If you've read this blog before, you know I'm a sports fan, although most of my sports-related posts have been about baseball. But this morning, I was watching Mike & Mike on ESPN2 and they were discussing an issue with this year's NFL season as posted in an article in USA Today. Due to a number of factors, there is an anticipated increase in the number of NFL blackouts this season. A blackout occurs when a team does not sell all its tickets to a home game within 72 hours prior to kickoff, according to NFL regulations, television coverage of that game is blacked out from the local market. This gives fans (and corporations) an incentive to purchase tickets to the game.
Among the factors mentioned for the decrease in stadium attendance were poor performance by the teams, bad weather, and the economy-all which can be expected. But the one thing that struck me was technology. Thanks to HDTV technology and things like NFL Redzone (showing the highlights from all the games in real time), the argument can be made that the at-home TV NFL experience is superior to the being at the stadium with all the sights, sounds, smells, and tailgate BBQ. NFL owners have even gone to adding ridiculously large TVs (anyone been to Jerry's World just outside of Dallas?) and now will have NFL Redzone playing live at game time in each of the 31 stadiums. With the number of NFL fans playing Fantasy Football, access to scores and highlights from other games is a critical part of fan attraction.
So has the paradigm shifted? Is watching the game on TV better than being at the stadium? If this truly has taken place, what does that say about other markets that have a goal of putting people in seats...such as a church? Due to media technology, websites, and the rise in popularity of certain TV preachers, has "getting my church on at home" become easier (seemingly superior) than getting the family up, dressed, and after a 15-minute knockdown drag-out fight getting everyone loaded up in the minivan only to arrive 10 minutes late for Sunday School after the coffee and donuts have just run out and your 4-year olds shoes are still on the wrong feet? When you think about it that way, it's no wonder Joel Osteen has such a following. Has following our favorite Christian thinkers on Twitter or Facebook taken the place of showing up each week to hear a sermon from "our" pastors and church leaders?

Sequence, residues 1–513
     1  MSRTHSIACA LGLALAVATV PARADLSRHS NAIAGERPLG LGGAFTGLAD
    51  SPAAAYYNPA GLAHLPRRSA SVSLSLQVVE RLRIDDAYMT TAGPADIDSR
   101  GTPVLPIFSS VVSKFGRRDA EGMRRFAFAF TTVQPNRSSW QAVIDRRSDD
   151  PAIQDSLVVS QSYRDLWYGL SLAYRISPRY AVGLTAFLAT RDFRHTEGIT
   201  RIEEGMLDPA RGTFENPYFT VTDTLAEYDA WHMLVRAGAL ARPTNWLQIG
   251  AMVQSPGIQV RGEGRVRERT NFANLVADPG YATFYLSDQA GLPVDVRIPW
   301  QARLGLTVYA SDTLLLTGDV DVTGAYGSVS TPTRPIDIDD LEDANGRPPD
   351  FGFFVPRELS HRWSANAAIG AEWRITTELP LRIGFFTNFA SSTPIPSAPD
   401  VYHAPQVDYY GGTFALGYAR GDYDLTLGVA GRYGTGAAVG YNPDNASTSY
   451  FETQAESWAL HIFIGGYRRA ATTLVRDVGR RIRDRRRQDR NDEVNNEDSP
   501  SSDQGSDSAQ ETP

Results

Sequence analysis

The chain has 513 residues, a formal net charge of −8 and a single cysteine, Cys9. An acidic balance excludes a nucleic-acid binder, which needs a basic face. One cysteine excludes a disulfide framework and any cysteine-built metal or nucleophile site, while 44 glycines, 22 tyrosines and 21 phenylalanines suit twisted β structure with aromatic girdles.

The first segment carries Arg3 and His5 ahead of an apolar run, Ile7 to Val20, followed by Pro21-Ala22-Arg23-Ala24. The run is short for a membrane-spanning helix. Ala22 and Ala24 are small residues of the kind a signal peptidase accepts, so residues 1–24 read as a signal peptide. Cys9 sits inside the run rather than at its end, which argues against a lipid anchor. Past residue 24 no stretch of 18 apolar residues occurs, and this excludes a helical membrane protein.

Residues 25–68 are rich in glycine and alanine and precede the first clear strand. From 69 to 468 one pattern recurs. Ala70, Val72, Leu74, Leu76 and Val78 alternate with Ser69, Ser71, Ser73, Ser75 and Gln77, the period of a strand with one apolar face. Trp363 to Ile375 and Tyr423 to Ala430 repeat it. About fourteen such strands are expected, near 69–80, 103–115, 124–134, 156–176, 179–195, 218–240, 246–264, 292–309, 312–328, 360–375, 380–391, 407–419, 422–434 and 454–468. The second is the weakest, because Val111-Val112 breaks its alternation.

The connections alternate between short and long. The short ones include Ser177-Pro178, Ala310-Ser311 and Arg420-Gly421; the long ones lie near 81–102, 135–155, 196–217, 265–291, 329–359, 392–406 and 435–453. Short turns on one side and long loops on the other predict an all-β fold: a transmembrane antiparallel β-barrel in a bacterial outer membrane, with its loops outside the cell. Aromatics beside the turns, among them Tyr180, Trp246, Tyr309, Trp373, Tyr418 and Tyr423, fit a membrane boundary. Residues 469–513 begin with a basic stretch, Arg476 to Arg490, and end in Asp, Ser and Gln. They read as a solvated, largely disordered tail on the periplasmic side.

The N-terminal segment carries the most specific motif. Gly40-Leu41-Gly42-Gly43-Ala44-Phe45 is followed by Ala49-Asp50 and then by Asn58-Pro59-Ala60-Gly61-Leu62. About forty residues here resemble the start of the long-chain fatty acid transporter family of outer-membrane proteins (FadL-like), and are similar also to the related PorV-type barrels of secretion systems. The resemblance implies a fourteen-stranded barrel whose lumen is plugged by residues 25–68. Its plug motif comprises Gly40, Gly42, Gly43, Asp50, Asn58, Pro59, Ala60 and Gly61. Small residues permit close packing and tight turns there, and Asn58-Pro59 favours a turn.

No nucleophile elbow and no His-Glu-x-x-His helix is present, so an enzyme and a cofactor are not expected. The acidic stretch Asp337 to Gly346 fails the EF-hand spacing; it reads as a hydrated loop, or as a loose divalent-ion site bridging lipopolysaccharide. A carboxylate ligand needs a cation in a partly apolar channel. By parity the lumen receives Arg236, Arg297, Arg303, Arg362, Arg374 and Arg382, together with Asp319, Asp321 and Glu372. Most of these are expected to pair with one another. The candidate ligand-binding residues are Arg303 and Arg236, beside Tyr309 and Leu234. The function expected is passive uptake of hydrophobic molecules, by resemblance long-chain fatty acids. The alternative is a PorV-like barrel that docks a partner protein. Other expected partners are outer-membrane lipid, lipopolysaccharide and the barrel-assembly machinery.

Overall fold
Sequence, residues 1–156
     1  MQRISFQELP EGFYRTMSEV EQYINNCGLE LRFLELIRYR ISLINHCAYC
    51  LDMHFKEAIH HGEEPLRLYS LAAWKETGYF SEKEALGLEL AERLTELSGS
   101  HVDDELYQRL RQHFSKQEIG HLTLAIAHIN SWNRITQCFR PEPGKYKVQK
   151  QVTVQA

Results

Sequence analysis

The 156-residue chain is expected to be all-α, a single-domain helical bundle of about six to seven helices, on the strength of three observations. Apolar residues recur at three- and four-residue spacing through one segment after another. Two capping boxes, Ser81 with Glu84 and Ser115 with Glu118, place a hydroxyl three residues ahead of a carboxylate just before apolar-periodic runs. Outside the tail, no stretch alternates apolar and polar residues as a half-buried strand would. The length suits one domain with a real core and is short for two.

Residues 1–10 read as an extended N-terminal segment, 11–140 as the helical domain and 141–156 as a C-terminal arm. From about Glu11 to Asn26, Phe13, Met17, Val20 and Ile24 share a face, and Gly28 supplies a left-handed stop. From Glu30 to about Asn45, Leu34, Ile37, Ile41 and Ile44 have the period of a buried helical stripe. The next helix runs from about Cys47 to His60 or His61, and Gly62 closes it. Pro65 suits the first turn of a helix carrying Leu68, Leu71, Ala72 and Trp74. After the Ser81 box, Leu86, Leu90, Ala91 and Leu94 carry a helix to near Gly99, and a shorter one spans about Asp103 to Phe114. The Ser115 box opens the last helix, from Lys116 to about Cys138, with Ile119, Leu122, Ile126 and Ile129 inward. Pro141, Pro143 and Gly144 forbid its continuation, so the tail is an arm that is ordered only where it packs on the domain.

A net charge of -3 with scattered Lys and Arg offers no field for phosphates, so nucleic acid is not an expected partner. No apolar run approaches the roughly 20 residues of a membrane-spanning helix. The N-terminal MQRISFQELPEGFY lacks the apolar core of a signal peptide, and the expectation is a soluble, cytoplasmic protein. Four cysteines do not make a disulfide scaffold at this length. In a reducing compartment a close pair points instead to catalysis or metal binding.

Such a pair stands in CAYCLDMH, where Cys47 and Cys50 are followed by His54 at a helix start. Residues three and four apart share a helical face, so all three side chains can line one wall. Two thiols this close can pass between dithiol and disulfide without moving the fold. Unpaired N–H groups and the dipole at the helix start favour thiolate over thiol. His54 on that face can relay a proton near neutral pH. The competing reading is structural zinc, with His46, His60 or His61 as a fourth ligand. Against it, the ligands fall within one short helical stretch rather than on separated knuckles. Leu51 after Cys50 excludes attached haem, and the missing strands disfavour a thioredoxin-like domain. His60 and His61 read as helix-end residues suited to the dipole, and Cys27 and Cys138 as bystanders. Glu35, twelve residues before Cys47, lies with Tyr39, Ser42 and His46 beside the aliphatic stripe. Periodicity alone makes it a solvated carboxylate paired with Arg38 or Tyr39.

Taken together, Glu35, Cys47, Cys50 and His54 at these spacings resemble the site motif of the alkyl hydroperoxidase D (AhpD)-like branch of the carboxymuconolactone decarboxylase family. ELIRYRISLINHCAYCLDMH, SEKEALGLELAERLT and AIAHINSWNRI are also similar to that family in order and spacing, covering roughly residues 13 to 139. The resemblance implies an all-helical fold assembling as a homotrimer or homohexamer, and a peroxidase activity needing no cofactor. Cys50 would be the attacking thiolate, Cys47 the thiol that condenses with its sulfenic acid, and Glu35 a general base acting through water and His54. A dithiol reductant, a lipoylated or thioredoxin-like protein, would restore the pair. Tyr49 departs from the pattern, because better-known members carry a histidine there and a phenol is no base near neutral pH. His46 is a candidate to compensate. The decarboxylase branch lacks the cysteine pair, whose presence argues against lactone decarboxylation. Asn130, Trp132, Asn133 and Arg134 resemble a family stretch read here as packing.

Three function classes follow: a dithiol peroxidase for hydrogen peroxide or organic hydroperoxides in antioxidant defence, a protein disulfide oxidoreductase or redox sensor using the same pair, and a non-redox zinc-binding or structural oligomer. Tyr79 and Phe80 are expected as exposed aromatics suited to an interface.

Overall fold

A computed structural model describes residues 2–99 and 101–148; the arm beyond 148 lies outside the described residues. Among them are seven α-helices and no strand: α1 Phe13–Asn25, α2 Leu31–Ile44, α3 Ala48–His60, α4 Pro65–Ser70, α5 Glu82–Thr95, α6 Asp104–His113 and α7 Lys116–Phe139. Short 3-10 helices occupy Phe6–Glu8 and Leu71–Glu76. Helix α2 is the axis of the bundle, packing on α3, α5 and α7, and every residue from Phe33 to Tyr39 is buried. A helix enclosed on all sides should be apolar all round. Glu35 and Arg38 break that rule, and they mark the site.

Hebrews 10:25 says that we should not give up meeting together as some are in the habit of doing-but we should encourage each other, all the more as we see the day approaching. The connectibility of our world through technology has replaced the need for physical contact in some places. We all have the internet in our pockets. We all read each others tweets. We all comment to each other on Facebook. But what about "meeting together" as the writer of Hebrews instructed? Are their implications for the church in this culture shift? Do churches need to find ways to reconnect people? One culture shift is the way social media has become geographic with things like Four Square which has made the "miles away" feeling of social media become about being close in physical proximity. So is the church doing all it can to make the church experience superior to the connectivity of the Bedside Church? What can we do to improve?